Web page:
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Corporate Social Responsibility, do you practice what you preach?

By Stephen Cain | 09/04/2010 | 11:12 PM

 

I am a firm advocate of the concept that a company can accrue many positive effects when it acts uncompromisingly in accordance to its own Corporate Social Responsibility guidelines. Unfortunately, reflecting on my own experiences around corporate Europe, many Logistics Directors don't seem to adhere to or share my opinion nowadays; on the contrary, many of them hardly seem to think about the greater good of mankind and the environment when there is the least smell of profit around. This sounds sad but somewhat understandable if you recognize the most logistics KPI's and target settings are still overwhelmingly cost driven. These often run head on with the Corporate Social Responsibilities guidelines. I don't think one has to be a Kool-Aid sipping far lefty to understand and appreciate that adherence to corporate social responsibility is vital to a corporate image.

While not universal, there is a general reluctance of many companies to demonstrate a preference to the long-run betterment of mankind and the environment over short-term benefits. I was recently a bit astonished and positively surprised a few weeks ago when the board of a large corporation told me they were not wiling to close down a particular warehouse. They believed the employees would not be able to find a similar job in the immediate area as a result of the lingering economic crisis, which in particular, is still quite severe in the European logistics sector. By delaying the decision for another two years, they faced avoidable costs of over $150,000.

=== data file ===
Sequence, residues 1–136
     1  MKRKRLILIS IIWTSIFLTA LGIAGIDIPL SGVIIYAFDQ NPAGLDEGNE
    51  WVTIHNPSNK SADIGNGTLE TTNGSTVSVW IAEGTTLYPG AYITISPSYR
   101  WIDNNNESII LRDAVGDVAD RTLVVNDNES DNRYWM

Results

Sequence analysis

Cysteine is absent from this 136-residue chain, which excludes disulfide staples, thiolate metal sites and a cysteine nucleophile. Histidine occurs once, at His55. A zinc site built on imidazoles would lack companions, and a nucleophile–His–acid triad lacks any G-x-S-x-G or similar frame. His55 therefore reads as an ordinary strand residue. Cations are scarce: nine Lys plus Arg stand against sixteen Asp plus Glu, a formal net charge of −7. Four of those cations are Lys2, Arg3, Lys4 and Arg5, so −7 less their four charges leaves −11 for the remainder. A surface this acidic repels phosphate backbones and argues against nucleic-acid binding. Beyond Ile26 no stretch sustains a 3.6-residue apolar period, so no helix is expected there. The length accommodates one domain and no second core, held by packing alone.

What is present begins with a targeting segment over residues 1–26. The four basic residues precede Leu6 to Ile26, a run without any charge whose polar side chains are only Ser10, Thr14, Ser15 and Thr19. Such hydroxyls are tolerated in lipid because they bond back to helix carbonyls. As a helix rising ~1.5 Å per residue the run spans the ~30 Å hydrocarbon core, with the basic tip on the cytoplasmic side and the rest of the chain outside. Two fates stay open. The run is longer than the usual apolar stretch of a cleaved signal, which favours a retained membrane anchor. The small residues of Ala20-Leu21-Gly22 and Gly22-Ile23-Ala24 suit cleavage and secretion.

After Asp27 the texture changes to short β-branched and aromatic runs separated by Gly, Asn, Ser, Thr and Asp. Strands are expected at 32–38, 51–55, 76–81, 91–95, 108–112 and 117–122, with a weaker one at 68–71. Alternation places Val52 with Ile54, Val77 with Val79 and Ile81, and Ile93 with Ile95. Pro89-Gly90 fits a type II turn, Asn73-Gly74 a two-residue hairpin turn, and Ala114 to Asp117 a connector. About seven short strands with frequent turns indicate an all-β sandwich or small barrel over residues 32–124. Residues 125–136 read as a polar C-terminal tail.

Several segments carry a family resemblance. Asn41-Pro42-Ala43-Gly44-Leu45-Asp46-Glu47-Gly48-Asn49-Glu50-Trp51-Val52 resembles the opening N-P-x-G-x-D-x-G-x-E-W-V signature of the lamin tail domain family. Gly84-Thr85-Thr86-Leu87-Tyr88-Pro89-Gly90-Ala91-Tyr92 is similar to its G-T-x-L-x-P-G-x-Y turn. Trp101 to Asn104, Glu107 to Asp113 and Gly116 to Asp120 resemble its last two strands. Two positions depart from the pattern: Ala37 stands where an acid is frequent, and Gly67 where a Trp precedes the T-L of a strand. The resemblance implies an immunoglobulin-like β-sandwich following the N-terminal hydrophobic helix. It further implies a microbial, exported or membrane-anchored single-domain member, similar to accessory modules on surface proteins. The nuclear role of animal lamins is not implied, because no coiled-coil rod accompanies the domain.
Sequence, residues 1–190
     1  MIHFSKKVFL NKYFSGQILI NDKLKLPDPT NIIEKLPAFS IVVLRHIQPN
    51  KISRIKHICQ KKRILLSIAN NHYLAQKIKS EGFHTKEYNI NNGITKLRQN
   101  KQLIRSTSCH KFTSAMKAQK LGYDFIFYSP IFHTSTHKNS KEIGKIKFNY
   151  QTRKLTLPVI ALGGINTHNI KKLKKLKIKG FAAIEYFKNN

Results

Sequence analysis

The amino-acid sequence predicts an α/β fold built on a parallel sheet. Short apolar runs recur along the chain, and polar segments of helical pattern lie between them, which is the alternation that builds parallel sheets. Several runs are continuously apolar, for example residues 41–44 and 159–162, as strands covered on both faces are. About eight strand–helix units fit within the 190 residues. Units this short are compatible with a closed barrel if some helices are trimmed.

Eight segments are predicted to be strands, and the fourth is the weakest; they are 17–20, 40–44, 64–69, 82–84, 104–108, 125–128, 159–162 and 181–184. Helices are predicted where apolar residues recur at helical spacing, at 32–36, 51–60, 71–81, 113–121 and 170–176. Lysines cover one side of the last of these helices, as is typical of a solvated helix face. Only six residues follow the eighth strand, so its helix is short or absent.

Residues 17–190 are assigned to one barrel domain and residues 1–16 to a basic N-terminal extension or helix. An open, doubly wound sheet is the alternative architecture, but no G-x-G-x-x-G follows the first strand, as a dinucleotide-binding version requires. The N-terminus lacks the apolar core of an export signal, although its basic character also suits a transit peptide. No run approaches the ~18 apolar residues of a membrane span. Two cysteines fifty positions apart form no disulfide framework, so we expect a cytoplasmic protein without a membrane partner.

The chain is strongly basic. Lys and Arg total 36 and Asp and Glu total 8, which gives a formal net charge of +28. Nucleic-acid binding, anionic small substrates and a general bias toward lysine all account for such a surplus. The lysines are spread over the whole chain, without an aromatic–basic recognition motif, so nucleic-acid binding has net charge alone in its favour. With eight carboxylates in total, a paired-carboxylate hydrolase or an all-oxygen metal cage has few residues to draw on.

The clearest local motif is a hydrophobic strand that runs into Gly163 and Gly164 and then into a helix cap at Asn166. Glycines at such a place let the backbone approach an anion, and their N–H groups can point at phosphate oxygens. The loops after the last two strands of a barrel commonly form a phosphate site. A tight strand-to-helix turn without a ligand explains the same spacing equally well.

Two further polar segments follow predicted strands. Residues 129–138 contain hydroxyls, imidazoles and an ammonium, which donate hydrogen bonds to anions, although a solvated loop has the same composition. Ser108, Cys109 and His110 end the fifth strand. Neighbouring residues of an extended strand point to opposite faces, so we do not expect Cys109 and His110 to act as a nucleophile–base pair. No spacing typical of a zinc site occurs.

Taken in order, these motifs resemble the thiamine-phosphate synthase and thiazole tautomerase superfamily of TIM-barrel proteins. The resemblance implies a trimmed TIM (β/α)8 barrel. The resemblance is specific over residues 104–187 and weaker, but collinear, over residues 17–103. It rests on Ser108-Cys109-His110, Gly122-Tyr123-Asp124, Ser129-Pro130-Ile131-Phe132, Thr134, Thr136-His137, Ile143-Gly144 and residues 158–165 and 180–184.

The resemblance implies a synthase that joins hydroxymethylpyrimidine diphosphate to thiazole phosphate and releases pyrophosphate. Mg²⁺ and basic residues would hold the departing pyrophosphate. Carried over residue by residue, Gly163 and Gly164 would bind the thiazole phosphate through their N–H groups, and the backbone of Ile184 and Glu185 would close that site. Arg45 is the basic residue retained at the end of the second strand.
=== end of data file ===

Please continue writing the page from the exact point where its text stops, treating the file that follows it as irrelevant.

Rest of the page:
Although it does not have to be a significant as my experience above, this triggered me to investigate how other companies have incorporated their Corporate Social Responsibility guidelines into the respective aspects of their logistics activities. So what I would like to ask the readers of this blog, do you have any examples that you can share where a company has taken logistics decisions not only because it is what they think their customers want but also because their concern for Corporate Social Responsibility guidelines runs deep within their corporate veins as well? I would really be interested to hear from you.

Please email me at [email protected]

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About Stephen Cain

Stephen Cain

Stephen Cain is senior vice president, marketing and European project support, for Groenewout Consultants and Engineers, a Dutch-based supply chain and logistics consulting/engineering firm, Cain joined Groenewout in 1994, when he established its U.S. office. Today, he handles marketing and client relations in North America, and European project support for North American-based clients. Cain has managed European projects that cover sectors such as fast-moving consumer goods, OEM suppliers, electronics, pharmaceuticals, and third-party distribution. Such projects ranged from distribution center feasibility studies to detailed design and engineering through project management and realization.



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